You win some, you lose some

Our community house is now facing imminent eviction, we shut down Barnet Homes for 2 hours, a judge told Barnet Council that they can’t use high court bailiffs against Mostafa, and we were told that ‘no county court bailiffs will touch Sweets Way with a barge pole’!


Thursday began with an early start, prepping for and heading to the courts in Finchley Central in the rain. Our five-month old community occupation was up against a possession order. We knew there was precious little legal defence for our presence in the house, since most judges don’t seem as impressed as us that we have used our occupation to reinforce a powerful community in the face of deliberate attempts to destroy it, but we had to give it a go.

Unsurprisingly, we lost. Quickly. And the judge accepted the claimant’s assertion that High Court (not County Court) bailiffs would be required to remove us, since, according to the claimant’s barrister, ‘no county court bailiffs will touch Sweets Way with a barge pole.’ This comment was probably the only silver lining of a pretty bleak morning, and seems to be an indication that we’re doing something right. We assume all the county court bailiffs in London are taking a principled stand in solidarity with our struggle for housing justice by refusing to evict us.

IMG_20150827_124448From the courts, we went to Barnet Homes to protest the treatment Mostafa and his family have faced, and to make a series of demands that Barnet Homes needs to meet immediately to address the family’s needs. We shut down the building, at both entrances at several points over a two or three hour period, making crystal clear that if they continue to fail Mostafa and so many others, we will continue to make business-as-usual impossible for them.

Then, just as we were leaving, we heard from Mostafa, who had spent the morning at the Royal Courts of Justice, applying for a stay of execution on Barnet Council’s decision to allow High Court bailiffs to evict him without offering a time and date. What we all thought would have been a bureaucratic formality, turned out to be a major victory for the family and the campaign. Mostafa saw a judge, who was able to see Barnet’s utter lack of sensitivity over his needs as a person with disabilities and made clear that the Council would need to immediately cease any pending High Court bailiff actions and find a date to have a full and proper hearing to justify why they think they needed to do so in the first place.

This means that there will be at least weeks, possibly months, before the family have to leave their home, if Barnet continues to fail to offer them a suitable alternative. It also mean Mostafa will finally get a day in court to explain why he feels a High Court bailiff eviction is entirely unfair and disproportionate to the situation, after the decision to use High Court bailiffs against him was taken in secret, without his knowledge.

For once in the campaign, the justice system actually ruled on the side of justice! We won’t get too used to this, but it certainly helped balance out the legal ruling against our community home.

For the immediate future, we need people who are able to come stay the night at 76 Oakleigh Road North, to be able to help defend this crucial pocket of community strength we’ve held onto since Annington began evicting families from the estate.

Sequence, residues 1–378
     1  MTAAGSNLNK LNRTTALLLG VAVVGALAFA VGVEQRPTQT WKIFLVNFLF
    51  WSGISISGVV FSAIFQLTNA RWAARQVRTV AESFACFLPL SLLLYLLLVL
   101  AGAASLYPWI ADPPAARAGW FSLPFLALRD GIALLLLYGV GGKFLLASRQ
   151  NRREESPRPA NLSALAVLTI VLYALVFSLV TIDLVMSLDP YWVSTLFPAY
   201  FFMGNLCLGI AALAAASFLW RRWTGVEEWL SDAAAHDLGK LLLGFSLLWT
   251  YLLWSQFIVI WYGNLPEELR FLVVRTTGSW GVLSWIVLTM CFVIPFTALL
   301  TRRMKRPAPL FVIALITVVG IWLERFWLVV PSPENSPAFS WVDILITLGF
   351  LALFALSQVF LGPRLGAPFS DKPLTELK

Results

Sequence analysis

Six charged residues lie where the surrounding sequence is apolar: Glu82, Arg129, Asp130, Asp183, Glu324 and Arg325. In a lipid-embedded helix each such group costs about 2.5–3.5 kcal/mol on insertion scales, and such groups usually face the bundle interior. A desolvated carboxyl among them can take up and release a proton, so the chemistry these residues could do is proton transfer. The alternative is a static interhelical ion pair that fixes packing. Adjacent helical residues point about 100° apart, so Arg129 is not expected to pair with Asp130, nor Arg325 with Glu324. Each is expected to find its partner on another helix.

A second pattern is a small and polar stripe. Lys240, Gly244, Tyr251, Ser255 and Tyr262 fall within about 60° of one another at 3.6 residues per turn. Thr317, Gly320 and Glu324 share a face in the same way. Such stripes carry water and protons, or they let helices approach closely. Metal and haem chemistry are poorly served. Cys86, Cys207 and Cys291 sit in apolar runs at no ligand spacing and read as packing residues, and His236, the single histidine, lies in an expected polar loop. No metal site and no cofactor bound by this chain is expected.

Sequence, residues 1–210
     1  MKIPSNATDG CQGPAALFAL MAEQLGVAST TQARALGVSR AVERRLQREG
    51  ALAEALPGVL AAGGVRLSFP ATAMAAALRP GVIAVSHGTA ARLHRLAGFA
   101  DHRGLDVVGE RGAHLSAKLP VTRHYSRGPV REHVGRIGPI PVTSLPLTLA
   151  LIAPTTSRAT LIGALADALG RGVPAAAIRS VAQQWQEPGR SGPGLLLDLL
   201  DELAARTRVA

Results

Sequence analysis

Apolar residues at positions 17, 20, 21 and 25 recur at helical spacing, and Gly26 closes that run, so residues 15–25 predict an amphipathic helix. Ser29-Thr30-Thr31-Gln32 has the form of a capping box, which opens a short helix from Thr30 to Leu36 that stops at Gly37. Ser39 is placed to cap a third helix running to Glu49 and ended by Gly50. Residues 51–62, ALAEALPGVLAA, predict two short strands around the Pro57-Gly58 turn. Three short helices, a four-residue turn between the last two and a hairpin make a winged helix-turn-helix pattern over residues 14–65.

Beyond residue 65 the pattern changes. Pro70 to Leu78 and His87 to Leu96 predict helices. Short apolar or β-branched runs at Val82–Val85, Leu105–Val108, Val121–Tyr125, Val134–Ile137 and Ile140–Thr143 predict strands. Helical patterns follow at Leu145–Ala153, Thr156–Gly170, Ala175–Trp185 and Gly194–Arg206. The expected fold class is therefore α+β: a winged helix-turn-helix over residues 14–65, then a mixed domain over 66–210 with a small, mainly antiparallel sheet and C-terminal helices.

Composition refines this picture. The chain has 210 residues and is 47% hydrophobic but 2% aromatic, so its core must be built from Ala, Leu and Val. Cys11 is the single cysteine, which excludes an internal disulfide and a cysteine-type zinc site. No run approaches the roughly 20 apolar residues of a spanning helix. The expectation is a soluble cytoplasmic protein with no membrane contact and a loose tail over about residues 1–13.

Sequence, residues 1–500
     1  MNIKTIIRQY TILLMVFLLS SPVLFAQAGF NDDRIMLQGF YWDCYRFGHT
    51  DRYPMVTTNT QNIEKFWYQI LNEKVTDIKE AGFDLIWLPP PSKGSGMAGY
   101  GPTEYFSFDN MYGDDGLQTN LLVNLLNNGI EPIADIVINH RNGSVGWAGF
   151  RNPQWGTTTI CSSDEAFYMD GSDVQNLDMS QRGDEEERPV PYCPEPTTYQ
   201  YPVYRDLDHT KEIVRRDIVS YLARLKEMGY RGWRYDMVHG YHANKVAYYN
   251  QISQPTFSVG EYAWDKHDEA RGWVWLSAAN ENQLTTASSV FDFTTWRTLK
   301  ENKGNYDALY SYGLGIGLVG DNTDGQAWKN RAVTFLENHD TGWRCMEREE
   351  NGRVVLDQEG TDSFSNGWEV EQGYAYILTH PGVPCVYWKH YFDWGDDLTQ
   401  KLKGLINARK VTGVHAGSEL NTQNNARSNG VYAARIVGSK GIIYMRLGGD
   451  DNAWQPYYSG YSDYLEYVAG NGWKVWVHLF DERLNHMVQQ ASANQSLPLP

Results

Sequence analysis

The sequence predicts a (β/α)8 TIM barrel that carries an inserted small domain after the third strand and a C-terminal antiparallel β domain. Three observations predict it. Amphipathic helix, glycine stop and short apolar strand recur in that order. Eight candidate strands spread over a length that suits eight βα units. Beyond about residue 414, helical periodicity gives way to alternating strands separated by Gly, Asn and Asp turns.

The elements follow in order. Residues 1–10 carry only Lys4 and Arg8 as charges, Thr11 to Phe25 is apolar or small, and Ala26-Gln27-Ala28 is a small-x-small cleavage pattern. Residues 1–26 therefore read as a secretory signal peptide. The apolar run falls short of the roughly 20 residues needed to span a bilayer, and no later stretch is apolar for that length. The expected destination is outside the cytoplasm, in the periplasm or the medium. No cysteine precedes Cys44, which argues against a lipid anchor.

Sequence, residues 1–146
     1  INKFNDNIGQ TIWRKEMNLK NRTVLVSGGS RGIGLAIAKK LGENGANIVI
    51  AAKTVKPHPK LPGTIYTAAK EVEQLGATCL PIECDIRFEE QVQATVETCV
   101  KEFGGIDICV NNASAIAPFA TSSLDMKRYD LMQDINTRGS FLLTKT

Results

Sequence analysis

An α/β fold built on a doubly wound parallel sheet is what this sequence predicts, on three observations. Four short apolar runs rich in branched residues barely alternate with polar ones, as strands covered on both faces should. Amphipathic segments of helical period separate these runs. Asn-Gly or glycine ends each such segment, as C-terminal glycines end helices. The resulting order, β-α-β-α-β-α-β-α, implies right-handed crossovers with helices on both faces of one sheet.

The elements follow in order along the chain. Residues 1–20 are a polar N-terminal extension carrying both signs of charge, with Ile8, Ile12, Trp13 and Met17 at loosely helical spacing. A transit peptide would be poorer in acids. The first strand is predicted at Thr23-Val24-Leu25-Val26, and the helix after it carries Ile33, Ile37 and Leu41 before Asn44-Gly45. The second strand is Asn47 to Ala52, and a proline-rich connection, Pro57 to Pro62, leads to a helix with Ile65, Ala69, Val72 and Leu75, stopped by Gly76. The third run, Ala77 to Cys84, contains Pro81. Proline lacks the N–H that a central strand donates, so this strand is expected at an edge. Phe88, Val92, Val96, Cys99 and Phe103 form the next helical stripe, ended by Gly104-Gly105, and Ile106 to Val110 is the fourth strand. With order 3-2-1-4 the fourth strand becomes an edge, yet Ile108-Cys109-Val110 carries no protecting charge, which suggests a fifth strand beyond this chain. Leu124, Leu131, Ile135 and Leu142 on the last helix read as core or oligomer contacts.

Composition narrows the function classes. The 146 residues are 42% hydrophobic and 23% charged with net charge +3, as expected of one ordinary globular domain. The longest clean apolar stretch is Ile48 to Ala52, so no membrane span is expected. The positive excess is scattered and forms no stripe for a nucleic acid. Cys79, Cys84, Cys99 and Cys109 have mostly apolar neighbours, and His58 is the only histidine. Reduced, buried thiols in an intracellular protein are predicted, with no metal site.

If you think you can come along, please drop us an email on: sweetswayresists[AT]

Barnet Council hits a new low as Jennifer is set to be made homeless


Domestic violence vigil at the front of Barnet Homes

Today Barnet Homes and Barnet Council acted with utter contempt for ex-Sweets Way resident and domestic violence survivor, Jennifer, telling them they will not offer her any support, and leaving her with a letter suggesting she contact Shelter and find her own solicitor before she becomes homeless on the 2nd of June.

This is truly disgusting and an absolute lack of respect for both Jennifer’s circumstances and for the rules of local government in these situations.

Following the meeting, we blockaded the front of the Barnet Homes office for several hours in protest, and left candles (pictured above) in memory of the many women who have lost their lives to domestic violence.

Barnet completely denied any wrong doing, refusing to address the many specific issues we raised with them, in previous letters and in person. The Barnet Homes’ website released a strongly-worded, but largely empty statement about not tolerating domestic violence. The statement also said “it is essential that we are provided with the evidence in support of domestic violence claims”, a practice that raises major concerns, given the sensitive nature of the issues, and in Jennifer’s case, ignores the irrefutable evidence previously provided.

At this stage, Jennifer and her children will become homeless because she refused to live in fear of abuse. And responsibility for this lies squarely on the shoulders of Barnet Council and Barnet Homes. We will continue to bring this story to light, until justice is done.

We will be taking legal action immediately and appreciate any support from housing solicitors that are willing and able to work for free. The way Jennifer has been treated is a travesty; we are asking for the support of solicitors or barristers who are as committed as we are to preventing local authorities from taking such inhumane actions in the future.